- The Washington Times - Friday, March 25, 2005

The Bush administration yesterday announced the sale of F-16 fighter jets to its anti-terrorism ally, Pakistan, a major policy shift in the region that irked Pakistan’s longtime nuclear rival India.

Pakistan, the only nuclear-armed Muslim-majority nation, is seen as critical to the U.S. strategy in the region. A senior administration official said yesterday there was “no set limit” on what Washington would be willing to sell to Islamabad.

The decision was warmly welcomed by Pakistan, but more coolly received by India.

“This is a good gesture,” said Pakistani Information Minister Shaikh Rashid Ahmed. “This shows that our relations are growing stronger,” he told Reuters news agency.

Indian Prime Minister Manmohan Singh, who was informed of the sale by President Bush in a telephone call, was not pleased.

“The prime minister expressed India’s great disappointment at this decision which could have negative consequences for India’s security environment,” the prime minister’s spokesman, Sanjaya Baru, said.

The decision to sell the fighter jets reflects a shift in American strategy toward South Asia into trying “to build long-term foundations of security and friendship” with Pakistan, India and Afghanistan, the administration official said.

The United States previously had cut off the sales of F-16s to Pakistan in retaliation for its nuclear program and testing.

Relations between the United States and Pakistan improved dramatically with Pakistani President Pervez Musharraf’s steadfast support of U.S. actions to oust the Taliban regime in neighboring Afghanistan and fight global terrorism.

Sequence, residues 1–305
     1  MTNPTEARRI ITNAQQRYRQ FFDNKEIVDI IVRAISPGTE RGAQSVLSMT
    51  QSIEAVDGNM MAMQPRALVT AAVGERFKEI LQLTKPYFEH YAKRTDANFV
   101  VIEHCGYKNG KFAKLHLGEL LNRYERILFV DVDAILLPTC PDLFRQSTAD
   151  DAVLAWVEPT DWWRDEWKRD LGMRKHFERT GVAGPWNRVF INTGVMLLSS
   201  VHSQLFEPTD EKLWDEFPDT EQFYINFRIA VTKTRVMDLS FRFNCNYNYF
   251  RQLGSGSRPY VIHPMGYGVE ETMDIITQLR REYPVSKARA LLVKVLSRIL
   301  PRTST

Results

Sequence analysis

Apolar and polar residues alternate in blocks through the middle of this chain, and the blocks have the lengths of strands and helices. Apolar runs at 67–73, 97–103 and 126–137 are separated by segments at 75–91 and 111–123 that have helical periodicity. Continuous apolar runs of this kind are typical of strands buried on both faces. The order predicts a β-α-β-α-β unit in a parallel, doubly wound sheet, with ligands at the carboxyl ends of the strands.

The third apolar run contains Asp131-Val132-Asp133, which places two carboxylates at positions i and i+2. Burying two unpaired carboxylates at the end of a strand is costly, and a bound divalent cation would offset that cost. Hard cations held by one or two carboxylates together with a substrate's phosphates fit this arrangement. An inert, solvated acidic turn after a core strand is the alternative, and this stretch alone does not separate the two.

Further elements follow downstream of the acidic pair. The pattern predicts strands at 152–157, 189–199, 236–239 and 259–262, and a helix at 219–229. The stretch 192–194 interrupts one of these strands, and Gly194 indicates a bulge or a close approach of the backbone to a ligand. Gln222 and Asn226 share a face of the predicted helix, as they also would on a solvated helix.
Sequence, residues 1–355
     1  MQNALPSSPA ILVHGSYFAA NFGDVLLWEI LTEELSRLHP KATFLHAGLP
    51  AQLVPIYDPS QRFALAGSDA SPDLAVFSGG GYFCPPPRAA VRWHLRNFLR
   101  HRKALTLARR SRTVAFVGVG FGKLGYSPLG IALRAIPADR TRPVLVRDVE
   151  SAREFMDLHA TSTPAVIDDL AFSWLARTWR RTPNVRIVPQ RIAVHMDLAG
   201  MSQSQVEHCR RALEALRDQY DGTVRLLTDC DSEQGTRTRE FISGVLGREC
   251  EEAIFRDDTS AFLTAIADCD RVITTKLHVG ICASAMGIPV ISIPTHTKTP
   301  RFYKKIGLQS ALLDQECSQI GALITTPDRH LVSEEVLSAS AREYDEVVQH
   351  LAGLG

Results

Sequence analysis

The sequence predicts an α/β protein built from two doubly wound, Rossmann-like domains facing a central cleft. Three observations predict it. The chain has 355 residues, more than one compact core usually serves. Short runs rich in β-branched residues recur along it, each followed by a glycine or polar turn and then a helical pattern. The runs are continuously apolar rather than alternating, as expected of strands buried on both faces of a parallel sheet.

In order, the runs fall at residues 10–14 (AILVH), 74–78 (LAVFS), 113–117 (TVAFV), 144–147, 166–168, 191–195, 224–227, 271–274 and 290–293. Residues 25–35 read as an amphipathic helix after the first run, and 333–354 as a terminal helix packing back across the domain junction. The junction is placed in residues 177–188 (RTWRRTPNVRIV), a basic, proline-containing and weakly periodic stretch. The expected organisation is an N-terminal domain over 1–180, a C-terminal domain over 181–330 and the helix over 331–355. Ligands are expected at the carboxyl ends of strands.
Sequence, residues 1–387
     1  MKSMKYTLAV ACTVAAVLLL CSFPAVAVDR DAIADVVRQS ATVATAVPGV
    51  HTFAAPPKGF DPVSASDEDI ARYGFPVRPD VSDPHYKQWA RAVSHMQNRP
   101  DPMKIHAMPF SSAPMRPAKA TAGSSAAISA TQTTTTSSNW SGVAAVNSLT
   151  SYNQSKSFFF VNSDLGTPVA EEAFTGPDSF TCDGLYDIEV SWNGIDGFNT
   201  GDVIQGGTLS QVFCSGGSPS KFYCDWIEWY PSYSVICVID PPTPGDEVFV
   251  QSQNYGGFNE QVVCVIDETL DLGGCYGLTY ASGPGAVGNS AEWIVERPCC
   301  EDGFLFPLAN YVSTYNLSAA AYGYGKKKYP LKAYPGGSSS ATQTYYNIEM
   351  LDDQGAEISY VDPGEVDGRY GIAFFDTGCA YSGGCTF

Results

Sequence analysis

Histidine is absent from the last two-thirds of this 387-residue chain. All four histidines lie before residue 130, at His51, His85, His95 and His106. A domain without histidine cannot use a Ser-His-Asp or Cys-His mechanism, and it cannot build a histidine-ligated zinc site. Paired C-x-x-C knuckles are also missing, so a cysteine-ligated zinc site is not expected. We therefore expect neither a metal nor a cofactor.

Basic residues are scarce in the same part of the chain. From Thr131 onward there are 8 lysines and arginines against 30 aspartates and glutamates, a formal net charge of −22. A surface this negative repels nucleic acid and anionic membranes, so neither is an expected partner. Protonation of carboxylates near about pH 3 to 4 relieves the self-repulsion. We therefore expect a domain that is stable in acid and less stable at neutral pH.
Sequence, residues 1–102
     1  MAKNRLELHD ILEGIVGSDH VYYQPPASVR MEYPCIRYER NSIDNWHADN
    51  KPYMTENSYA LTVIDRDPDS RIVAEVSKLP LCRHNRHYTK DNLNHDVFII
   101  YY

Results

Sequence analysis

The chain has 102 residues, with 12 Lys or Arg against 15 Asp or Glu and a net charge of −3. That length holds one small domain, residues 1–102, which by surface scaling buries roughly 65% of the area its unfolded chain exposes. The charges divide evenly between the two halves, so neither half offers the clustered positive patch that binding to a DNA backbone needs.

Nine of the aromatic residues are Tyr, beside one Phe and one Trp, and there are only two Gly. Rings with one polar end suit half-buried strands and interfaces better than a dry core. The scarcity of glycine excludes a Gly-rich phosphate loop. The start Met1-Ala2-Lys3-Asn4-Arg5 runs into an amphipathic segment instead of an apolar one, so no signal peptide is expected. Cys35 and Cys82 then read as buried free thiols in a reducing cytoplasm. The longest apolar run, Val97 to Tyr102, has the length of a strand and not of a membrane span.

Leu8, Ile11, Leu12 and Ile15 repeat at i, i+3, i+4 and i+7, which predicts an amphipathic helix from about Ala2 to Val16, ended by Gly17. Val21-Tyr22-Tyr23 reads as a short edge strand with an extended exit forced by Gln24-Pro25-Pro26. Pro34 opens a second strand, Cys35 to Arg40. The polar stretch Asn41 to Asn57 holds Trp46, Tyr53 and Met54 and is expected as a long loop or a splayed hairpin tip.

Secretary of State Condoleezza Rice outlined Washington’s strategy during her March 14-21 trip to the region, when she visited India, Pakistan and Afghanistan, before traveling to Japan, South Korea and China, the official said.

The White House confirmed Mr. Bush’s call to Mr. Singh, but noted that the United States was also working on providing India with combat aircraft, perhaps including F-18s.

“The president explained his decision to move forward on the sale of F-16s to Pakistan as well as responding to India’s request for information on the provision of multirole combat aircraft for India,” spokeswoman Dana Perino said.

The administration official, speaking from the State Department on the condition of anonymity, said the United States is willing to discuss even more fundamental issues of defense transformation with India.

These would include “transformative systems in areas such as command and control, early warning and missile defense.”

The United States had agreed to sell 32 F-16s to Pakistan in the late 1980s, but canceled the deal after Islamabad forged ahead with its nuclear weapons program and testing to match similar tests by India.

Asked whether the latest aircraft sale to Islamabad constituted recognition of Pakistan as a nuclear power, the official declined to describe the move as formal diplomatic recognition.

But, he said, “the United States has to live in the world that exists, not the world that we might imagine we wish for; and in the world that exists, these extraordinarily important countries have nuclear weapons.”

He also dismissed the idea that the sale threatened to change the military balance between the two countries in any material way.

Instead, he said, the United States was trying to increase the sense of security in the region in order to expand the diplomatic openings he said were taking place on the subcontinent.

“It is in both India’s interest and Pakistan’s interest and in America’s interest that Pakistan feel more secure,” he said.

This article is based in part on wire service reports.

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